Motorola has recently announced to reenter China by launching Moto X, Moto G and Moto X Pro, three smartphone models, on Jan 26th, 2015, in Beijing. More than one year has passed since Motorola previously completely pulled out from the world's largest smartphone market in the second half of 2013.

Moto X and Moto Pro target the premium-tier segment, and Moto G, one of Motorola's best-selling models in 2014, eyes the mid-tier segment. Motorola will work closely with online retailers to sell the three phones, including Jingdong, T-Mall etc.

Motorola believe their key differentiators are full technology enablement (e.g. supporting China Mobile, China Telecom and China Unicom for all 3G and 4G technologies), a "pure" Android UI, as well as customized service / software offerings. However, there are already many full-technology-enabled models from ZTE and other local vendors available in China at the moment. Those latter two models from Motorola will find it hard to stand out from rivals.

Reintroducing Motorola-branded phones to China will dilute Lenovo's shift up-tier and also its online intiatives. Lenovo has the Vibe sub-brand targeting premium-tier segments, and it has just set up an online sub-brand and division -- Magic Factory -- in H2 2014. For Lenovo and Motorola, it will be a challenge to balance and manage these multiple brands in such a crowded Chinese marketplace this year.

Moreover, it remains to be seen whether Chinese consumers still value the Motorola brand and whether they will embrace a "new" Motorola. For us, this looks like a risky move by a struggling Lenovo desperate to re-jazz its fading smartphone growth at home.

NI HAO, MOTO!


January 5, 2015 14:34 nmawston

Micromax has partnered with Cyanogen -- an Android fork -- to launch its online-only smartphone sub-brand, YU, in India during H1 2015. Micromax is terrified of Xiaomi and the firm is stepping up its efforts to stop the rise of Xiaomi and other rival Chinese vendors. However, the YU program fragments the Android ecosystem and Google will NOT be overjoyed by this latest move from Micromax. More analysis of this emerging challenge for Google can be downloaded by clients here.



December 26, 2014 04:16 woh

According to our recently published report, Smartphone Sales Forecast by Type: Phablets and Superphones, under our Wireless Smartphone Strategies (WSS) service, 'Superphone', defined as smartphone with display size, 4.00 to 4.99 inch, and 'Standard Phablet', defined as smartphone with display size between 5.00 and 5.99 inch, are accounting for more than 80% share of global smartphone sales in 2015. The growing number of appealing data-centric services such as gaming, navigation, video-calls, watching movies and soap operas, the lowering smartphone prices and the increasing demand for over 4" smartphones in emerging market are estimated as the primary factors of the popularity of the smartphones over 4 inch.

This extensive report forecasts global smartphone sales by type from 2003 to 2020, and it identifies which categories will grow at above-average rates during the next seven years. Types of devices covered include superphablets, phablets, superphones, and standard smartphones. From this report on, we have a split forecast for 5.00 to 5.49 inch, and 5.50 to 5.99 inch standard phablet market. This report can be viewable to our paid clients at this link.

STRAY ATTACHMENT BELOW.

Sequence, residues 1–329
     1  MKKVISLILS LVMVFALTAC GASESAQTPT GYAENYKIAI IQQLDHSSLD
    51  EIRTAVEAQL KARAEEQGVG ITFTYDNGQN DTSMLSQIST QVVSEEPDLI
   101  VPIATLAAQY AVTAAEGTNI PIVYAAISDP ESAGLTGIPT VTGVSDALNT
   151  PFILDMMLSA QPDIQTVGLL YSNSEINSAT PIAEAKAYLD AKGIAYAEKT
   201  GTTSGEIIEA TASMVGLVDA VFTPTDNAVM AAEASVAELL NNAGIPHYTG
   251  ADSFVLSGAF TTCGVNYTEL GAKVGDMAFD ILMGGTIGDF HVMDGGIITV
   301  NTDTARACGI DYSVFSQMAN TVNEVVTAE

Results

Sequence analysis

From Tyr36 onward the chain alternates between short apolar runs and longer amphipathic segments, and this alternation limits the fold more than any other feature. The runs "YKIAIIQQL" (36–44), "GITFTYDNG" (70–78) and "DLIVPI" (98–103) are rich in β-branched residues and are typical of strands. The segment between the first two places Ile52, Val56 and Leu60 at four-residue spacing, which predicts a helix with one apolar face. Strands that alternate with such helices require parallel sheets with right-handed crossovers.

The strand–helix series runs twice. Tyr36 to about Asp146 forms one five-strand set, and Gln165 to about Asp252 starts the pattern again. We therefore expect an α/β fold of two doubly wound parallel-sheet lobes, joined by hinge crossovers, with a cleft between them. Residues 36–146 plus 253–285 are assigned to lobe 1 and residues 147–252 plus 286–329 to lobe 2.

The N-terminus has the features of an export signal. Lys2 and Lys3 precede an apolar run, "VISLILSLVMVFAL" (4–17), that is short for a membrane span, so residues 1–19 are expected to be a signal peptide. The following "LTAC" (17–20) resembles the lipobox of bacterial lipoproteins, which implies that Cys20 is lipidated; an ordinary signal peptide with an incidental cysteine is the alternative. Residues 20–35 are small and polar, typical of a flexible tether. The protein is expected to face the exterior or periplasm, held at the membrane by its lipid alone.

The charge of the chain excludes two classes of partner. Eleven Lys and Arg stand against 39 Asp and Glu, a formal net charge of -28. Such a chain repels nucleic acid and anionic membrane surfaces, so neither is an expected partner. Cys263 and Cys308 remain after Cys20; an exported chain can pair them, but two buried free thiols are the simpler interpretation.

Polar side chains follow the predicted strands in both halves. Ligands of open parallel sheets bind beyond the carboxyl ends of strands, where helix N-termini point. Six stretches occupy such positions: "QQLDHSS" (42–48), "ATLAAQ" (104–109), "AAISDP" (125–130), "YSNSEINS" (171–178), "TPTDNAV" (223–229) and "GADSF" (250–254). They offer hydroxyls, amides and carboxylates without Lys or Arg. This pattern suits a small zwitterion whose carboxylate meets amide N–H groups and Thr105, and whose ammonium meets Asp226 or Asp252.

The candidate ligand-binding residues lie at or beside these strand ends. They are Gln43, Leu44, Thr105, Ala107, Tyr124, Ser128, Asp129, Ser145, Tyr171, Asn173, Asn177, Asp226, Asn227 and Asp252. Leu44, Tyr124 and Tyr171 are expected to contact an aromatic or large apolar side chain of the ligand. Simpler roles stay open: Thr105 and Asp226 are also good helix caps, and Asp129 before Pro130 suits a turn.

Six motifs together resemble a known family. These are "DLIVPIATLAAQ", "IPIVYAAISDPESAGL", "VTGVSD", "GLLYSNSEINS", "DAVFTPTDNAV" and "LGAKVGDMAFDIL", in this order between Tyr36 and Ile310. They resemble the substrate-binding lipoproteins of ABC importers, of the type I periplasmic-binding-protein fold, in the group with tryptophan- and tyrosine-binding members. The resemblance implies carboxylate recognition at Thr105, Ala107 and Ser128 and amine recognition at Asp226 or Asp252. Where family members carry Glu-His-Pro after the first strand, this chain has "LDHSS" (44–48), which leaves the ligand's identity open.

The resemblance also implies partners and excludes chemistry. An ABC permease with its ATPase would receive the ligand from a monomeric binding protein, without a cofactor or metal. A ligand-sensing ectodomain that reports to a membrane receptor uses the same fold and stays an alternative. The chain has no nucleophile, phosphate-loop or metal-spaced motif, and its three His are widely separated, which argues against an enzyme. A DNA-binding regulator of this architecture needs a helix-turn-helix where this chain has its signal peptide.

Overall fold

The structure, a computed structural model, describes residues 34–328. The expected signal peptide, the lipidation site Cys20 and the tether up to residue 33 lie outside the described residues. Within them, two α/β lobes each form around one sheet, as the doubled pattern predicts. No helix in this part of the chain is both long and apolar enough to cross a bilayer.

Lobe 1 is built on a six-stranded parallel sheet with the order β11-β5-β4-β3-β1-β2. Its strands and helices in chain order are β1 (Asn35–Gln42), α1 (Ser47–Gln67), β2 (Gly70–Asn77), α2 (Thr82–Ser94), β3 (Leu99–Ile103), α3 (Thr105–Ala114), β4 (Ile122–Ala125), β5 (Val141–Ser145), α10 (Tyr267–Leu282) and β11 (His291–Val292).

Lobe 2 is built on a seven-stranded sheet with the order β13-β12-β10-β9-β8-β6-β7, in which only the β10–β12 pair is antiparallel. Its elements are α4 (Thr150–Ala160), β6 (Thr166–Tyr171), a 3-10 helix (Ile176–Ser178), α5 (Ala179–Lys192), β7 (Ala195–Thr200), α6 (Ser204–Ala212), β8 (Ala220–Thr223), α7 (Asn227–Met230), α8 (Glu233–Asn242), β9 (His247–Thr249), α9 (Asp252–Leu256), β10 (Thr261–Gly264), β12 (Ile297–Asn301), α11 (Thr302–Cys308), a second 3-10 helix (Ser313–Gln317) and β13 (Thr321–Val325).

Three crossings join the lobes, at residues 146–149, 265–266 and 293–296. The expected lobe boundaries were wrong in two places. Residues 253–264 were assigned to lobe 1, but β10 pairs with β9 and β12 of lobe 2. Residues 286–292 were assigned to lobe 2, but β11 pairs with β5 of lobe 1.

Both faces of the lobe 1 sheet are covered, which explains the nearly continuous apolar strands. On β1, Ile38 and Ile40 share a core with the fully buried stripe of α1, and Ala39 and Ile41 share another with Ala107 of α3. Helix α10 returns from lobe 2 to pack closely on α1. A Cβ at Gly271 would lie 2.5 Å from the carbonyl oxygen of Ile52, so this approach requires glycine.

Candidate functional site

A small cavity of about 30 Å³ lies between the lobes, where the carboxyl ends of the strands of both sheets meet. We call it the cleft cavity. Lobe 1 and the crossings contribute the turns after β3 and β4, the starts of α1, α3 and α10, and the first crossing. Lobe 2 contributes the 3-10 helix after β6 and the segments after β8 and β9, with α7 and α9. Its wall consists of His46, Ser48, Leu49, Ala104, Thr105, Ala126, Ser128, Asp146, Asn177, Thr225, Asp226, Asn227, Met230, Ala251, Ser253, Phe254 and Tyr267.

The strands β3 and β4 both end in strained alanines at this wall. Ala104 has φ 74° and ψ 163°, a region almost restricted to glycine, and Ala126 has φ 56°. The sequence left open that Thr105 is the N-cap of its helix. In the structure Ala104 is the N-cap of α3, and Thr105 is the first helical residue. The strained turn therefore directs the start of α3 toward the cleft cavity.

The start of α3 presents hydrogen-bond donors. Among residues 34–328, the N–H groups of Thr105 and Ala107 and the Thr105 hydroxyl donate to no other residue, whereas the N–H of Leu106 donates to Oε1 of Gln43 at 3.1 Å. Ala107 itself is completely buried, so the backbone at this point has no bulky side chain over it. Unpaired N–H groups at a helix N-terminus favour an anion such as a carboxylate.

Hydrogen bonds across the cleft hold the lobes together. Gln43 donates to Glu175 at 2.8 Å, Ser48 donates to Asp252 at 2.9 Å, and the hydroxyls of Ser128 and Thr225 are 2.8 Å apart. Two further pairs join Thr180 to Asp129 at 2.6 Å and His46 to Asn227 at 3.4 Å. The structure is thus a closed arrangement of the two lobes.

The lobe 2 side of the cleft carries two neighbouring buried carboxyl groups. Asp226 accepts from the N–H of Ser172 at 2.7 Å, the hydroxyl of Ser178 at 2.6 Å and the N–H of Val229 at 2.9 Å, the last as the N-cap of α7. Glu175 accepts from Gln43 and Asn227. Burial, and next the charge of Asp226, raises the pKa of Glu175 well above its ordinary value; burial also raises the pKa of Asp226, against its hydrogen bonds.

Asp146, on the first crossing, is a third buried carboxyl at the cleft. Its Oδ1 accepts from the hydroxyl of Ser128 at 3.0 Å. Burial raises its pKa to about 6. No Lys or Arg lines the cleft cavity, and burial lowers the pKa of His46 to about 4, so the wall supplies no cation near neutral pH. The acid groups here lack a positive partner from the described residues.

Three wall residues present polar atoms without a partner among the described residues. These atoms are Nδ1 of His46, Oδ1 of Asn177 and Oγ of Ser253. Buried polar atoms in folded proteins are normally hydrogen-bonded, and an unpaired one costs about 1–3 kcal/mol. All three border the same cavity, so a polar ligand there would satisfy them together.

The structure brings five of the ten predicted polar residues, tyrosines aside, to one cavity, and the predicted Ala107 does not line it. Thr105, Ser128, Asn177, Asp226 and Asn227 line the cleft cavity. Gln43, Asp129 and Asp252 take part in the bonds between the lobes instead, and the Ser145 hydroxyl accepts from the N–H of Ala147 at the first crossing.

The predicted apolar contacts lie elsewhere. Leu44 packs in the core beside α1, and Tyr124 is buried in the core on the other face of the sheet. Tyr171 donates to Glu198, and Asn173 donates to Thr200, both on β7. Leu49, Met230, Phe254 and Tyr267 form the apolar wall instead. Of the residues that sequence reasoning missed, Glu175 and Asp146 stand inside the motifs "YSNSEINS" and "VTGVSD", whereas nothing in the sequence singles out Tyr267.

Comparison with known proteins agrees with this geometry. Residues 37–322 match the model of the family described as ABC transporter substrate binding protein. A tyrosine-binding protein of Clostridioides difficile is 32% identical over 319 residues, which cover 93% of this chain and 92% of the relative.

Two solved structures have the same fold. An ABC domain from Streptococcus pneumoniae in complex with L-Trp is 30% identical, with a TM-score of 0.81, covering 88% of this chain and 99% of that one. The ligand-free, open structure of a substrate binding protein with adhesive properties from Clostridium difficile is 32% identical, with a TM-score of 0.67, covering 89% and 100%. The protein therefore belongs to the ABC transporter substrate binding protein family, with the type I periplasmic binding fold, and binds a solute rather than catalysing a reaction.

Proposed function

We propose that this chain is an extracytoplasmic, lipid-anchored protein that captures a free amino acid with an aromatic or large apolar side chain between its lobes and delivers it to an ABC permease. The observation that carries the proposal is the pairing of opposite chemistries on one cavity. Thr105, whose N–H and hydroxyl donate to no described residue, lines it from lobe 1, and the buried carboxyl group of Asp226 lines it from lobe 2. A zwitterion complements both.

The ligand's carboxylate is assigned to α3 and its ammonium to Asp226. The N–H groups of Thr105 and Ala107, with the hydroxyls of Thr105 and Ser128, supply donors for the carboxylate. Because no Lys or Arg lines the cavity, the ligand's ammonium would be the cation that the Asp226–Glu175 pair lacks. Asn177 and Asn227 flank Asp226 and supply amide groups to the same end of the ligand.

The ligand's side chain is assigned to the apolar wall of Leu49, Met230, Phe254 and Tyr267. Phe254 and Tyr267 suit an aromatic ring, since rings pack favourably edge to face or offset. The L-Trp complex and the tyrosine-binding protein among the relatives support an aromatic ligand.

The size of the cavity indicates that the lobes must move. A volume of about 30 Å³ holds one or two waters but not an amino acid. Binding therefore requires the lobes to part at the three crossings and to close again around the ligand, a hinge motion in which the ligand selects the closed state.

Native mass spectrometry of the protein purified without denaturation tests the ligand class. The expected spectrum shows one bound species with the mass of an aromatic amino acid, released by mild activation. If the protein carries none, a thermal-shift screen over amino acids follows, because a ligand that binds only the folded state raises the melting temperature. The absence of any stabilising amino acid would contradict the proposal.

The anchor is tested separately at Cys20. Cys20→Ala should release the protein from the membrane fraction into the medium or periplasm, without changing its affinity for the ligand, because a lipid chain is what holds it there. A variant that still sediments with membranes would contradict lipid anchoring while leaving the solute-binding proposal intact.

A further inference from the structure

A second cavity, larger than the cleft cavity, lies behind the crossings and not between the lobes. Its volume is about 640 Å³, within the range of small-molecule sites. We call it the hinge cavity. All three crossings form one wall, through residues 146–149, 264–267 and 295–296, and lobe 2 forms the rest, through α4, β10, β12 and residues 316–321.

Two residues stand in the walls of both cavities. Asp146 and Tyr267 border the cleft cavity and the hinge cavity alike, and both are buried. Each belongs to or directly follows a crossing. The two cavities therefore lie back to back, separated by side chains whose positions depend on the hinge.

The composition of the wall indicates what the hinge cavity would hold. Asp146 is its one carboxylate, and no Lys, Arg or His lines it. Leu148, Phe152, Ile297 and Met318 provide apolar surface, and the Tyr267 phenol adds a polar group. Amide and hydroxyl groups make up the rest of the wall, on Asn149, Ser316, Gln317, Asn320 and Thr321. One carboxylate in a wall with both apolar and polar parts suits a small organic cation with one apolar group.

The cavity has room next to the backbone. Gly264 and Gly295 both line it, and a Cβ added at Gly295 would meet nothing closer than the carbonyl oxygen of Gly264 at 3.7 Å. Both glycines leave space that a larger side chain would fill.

December 10, 2014 10:25 PLin

According to the latest report -- “Micromax YU Android-Fork Challenges Xiaomi in India” -- from our Wireless Smartphone Strategies (WSS) research service, Micromax -- India’s second largest smartphone vendor -- has partnered with Cyanogen -- an Android fork -- to launch commercially a new online-only smartphone sub-brand – YU -- in India during December 2014.

Micromax is terrified of Xiaomi and the firm is stepping up its efforts to stop the rise of Xiaomi and other rival Chinese vendors. By targeting first the online distribution channel, Micromax YU is entering a fast-growing sector. However, the YU program fragments the Android ecosystem and Google will not be overjoyed by this latest move from Micromax.

As an early-mover with an Android fork, will YU be a game-changer in India? For clients, there is more analysis available here.


November 6, 2014 05:25 woh

Samsung, the world's biggest smartphone vendor by volume, has officially announced a new duo of premium-looking metal smartphones, A3 and A5, at the end of October, 2014 and is planning on hard-launching them in November in select markets, mostly emerging markets, such as China at affordable price-points to address the mounting competition from local vendors. A3 and A5, which are the first two smartphones under the category of the new Galaxy A series, are believed to target the younger and first-time smartphone users in the growing emerging markets, with nice-looking metal unibody design, modest specifications and mid-ranged prices.

In addition to the metal design, it would be worth noting that these mid-priced smartphones are featuring 4G LTE connectivity and 5MP secondary camera, which is better than 3.7MP on more premium Galaxy Note 4. We believe that Samsung is taking on a selective marketing for the younger generation who wants to enjoy the faster data services on the faster 4G network, and spends much time to take the "selfie" photos in developing regions. There has been no words on the more advanced Galaxy A7 model, but will be expected to come with higher display resolution and stronger feature-sets later on.